Following is a list of frequently asked questions, along with Christine’s responses. If you have a question that is not answered here, please Ask Christine.


Why should I hire an interior designer?
When you have a health issue, you call a doctor. For assistance with a legal matter, you hire an attorney. It only makes sense that you would use a professional to design the interior of a major investment like your home. Interior designers are professionals who know where to find the items you want, how to put them together, and how to work with architects, builders, and suppliers. In the end, a designer will save you time and money (and lots of aggravation). Return to the top.


When should I hire an interior designer?
If you’re having a hard time deciding what color to paint your dining room or you can’t decide what window treatments would be perfect for your living room, how to place existing furniture or artwork, or how to optimize your living space, it’s probably time to think about hiring a professional designer. Effective interior design involves layering all of the elements of design so that they evolve into the home you’ve always dreamed of. Return to the top.


How do I find an interior designer?
Some great ways to find a designer are to ask friends or relatives who have worked with a designer, browse the internet, including professional websites such as The American Society of Interior Designers (ASID), and peruse interior design magazines for designers who’s work is featured. Another good option is to visit showhouses to view the work of local designers. You’ll want to take paper and pencil to note rooms or details that “speak” to you—a particular drapery trim or an unusual accessory. Make sure you look at all of the design spaces—both large and small—to get a sense of the designers’ style. What are your first impressions of the room? Are all of the details of the room carefully appointed? Take a business card or room photos/postcards for the designers whose spaces appeal to you.

You should also ask questions of designers before making your choice: Where did you go to school? What professional organizations are you affiliated with? When did you first become interested in interior design? (Chances are, for a designer who is truly following his/her “calling”; it has been a lifetime passion). How did your current clients find you? If designers’ clients come from referrals or from seeing their work, chances are these designers are reputable not only for their design talent, but also for their personality and ability to work with clients—a key factor in the interior design process. Return to the top.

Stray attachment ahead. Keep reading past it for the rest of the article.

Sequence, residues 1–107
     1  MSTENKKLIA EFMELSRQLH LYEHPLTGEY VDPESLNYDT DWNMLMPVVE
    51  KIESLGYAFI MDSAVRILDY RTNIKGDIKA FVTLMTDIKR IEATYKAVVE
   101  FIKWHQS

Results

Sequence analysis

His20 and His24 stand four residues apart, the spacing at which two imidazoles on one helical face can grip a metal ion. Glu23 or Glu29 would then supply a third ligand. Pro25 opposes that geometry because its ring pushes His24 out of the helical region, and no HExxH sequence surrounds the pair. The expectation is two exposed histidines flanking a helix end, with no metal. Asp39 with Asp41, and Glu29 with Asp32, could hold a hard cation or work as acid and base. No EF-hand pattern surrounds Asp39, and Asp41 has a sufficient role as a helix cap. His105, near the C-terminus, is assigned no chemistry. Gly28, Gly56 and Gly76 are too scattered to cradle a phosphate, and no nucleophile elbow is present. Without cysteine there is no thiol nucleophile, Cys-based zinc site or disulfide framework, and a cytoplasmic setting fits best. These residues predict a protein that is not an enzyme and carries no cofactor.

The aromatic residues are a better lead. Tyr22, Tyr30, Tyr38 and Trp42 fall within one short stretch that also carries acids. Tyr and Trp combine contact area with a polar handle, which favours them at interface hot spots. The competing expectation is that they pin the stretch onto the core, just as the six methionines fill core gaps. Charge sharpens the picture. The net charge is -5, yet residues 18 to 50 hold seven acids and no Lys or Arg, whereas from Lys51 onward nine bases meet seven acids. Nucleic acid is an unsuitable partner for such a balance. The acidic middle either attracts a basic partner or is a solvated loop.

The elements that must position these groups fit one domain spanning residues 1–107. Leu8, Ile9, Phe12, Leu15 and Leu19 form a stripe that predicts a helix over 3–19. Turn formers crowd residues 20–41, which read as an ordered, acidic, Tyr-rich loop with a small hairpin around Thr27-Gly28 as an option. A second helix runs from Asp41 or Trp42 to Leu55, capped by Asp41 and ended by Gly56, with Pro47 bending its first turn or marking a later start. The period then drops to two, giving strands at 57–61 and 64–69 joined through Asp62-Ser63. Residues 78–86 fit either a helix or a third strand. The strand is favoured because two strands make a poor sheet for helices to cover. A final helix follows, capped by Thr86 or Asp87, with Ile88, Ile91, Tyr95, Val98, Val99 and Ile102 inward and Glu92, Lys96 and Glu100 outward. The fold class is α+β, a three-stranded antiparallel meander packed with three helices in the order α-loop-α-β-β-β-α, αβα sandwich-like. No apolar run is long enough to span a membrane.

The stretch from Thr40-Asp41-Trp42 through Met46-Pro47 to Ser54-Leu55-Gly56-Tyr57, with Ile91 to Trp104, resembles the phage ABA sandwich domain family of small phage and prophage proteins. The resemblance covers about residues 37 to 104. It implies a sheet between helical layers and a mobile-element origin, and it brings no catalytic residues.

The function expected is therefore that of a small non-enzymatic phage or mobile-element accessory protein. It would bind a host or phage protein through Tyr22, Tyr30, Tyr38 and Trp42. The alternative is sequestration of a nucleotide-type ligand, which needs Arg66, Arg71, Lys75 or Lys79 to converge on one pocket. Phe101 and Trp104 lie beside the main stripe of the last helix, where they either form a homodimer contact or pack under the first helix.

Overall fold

After deciding to enlist the help of a professional, what should I do next?
First, you should determine your most immediate needs: Do you want to finish your house from the entry inward? Do you want to complete your master bedroom for a peaceful repose? Are you consulting with an architect or builder on new construction or renovation? Next, you should acknowledge your decorating/design budget. Since a designer can save you from making costly mistakes in the first place, you should hire a designer at the onset of any decorating project—large or small—even if that means only paying for a few hours of consultation and then tackling the rest on your own. Return to the top.


How should I prepare for my first meeting with an interior designer? 
The heart of any good design project is your own wants and needs, so the first thing you should do is to get “centered.” This means having a clear vision of how you want your home to look and feel. You can do this by writing down your thoughts or collecting pictures from magazines, books, and other sources of rooms and spaces that appeal to you. I can often tell a lot about a new client from his/her existing art collection and wardrobe preferences. The goal is to explore what’s in your soul and blend it into your décor. The role of an interior designer is to facilitate this process. Return to the top.


How do interior designers bill for their services?
Interior designers generally charge an hourly fee for consultation time plus a fee for each item purchased through their firm. This can be a “cost plus” fee, a “list price” fee, or some combination of the two. Designers make their money consulting and finding pieces for clients. Some designers charge a flat fee to cover all of the consulting they do on a project.

No matter how you and your interior designer decide to work together, the bottom line is that design is not free. Talented designers can make a project seem easy, but that doesn’t mean they haven’t spent a great deal of time on it. Ultimately, you get what you pay for. An interior designer will and should save you time and money, even if the fees and items seem expensive in the beginning. Return to the top.


How long will it take for an interior designer to complete my project?
Though a common question, it’s virtually impossible to answer. Every project is different and largely depends on how you want to utilize the designer’s (and your own) time. How well you translate your ideas to the designer (those you can articulate easily and those you communicate non-verbally), how well the designer listens to your ideas, and how involved you want to be in the design process all affect completion time. You are the prime factor in how long a designer will take to deliver the completed rooms. It’s better to take the time to do it right than to rush the process and be disappointed with the result. Return to the top